Reviewing the Latest Changes to Social Security, Medicare, and Inherited IRAs
The numbers are finally out!
And that means, if you haven't already started, it's time to get serious about working with your advisor to update your financial plan for 2023.
On today's show, we discuss the changes coming to your Social Security and Medicare benefits next year, as well as an important clarification on the rules for inheriting IRAs that could impact how you and your family members think about legacy and tax planning.
1. Social Security
Ever since inflation and energy costs spiked over the summer there's been speculation that Social Security's cost of living adjustment (COLA) for 2023 could go as high as 10%. The SSA settled on 8.7%, which is still the largest increase in over 40 years. On average, seniors receiving Social Security will see $140 more on their monthly benefit checks.
Unfortunately, if the cost of consumer goods stays high into next year, that $140 might not go as far as the SSA hopes it will.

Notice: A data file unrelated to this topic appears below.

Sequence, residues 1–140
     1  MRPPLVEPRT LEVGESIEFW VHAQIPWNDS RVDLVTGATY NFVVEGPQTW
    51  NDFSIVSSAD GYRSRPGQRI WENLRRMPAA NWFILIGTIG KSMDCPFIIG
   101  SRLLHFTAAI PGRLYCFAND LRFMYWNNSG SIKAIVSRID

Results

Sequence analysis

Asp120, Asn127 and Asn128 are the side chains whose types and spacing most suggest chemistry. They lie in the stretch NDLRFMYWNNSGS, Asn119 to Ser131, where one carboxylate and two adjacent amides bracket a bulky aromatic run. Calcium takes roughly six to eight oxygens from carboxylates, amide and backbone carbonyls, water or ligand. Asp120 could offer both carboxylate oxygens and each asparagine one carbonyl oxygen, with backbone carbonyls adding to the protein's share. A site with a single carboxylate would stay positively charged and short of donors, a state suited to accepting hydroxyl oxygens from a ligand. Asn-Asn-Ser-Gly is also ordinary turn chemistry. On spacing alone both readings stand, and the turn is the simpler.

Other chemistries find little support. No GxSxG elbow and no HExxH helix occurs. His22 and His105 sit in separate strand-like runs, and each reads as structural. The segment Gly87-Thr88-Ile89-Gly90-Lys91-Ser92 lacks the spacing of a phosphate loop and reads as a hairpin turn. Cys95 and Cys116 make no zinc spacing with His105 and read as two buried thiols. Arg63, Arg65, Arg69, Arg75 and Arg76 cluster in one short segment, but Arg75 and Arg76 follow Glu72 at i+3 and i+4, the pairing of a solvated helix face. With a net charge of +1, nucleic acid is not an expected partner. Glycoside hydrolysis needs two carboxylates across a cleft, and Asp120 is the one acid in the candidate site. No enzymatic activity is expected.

Which reminds me of a listener question that we fielded on another recent episode: if you delay taking Social Security until your full retirement age you receive an 8% annual increase PLUS the annual COLA. So, if you're not already receiving your benefits and that extra $140 per month isn't going to make or break your monthly budget, ask your financial advisor to help you crunch the numbers and decide if waiting is still your best option.
And if you are already receiving Social Security, your advisor should be prepared to help you review your monthly budget as well as your saving and investing strategy to determine the best use for those extra dollars.
Less substantial but still welcome are the savings coming to Medicare next year. Standard monthly premiums for Part B will cost $164.90, down $5.20 from this year. And the annual deductible for Part B beneficiaries is going down $7 to $226.
Saving around $60 per year might not sound like much. But the reason for these decreased premiums is that the cost of a new Alzheimer's drug, Aduhelm, and a few other services that Part B covers came in lower than projected. Alzheimer's can create serious emotional and financial burdens for seniors, so I'm glad that the millions of families who have to manage that terrible disease are getting some medical help at a manageable cost.
3. Inherited IRAs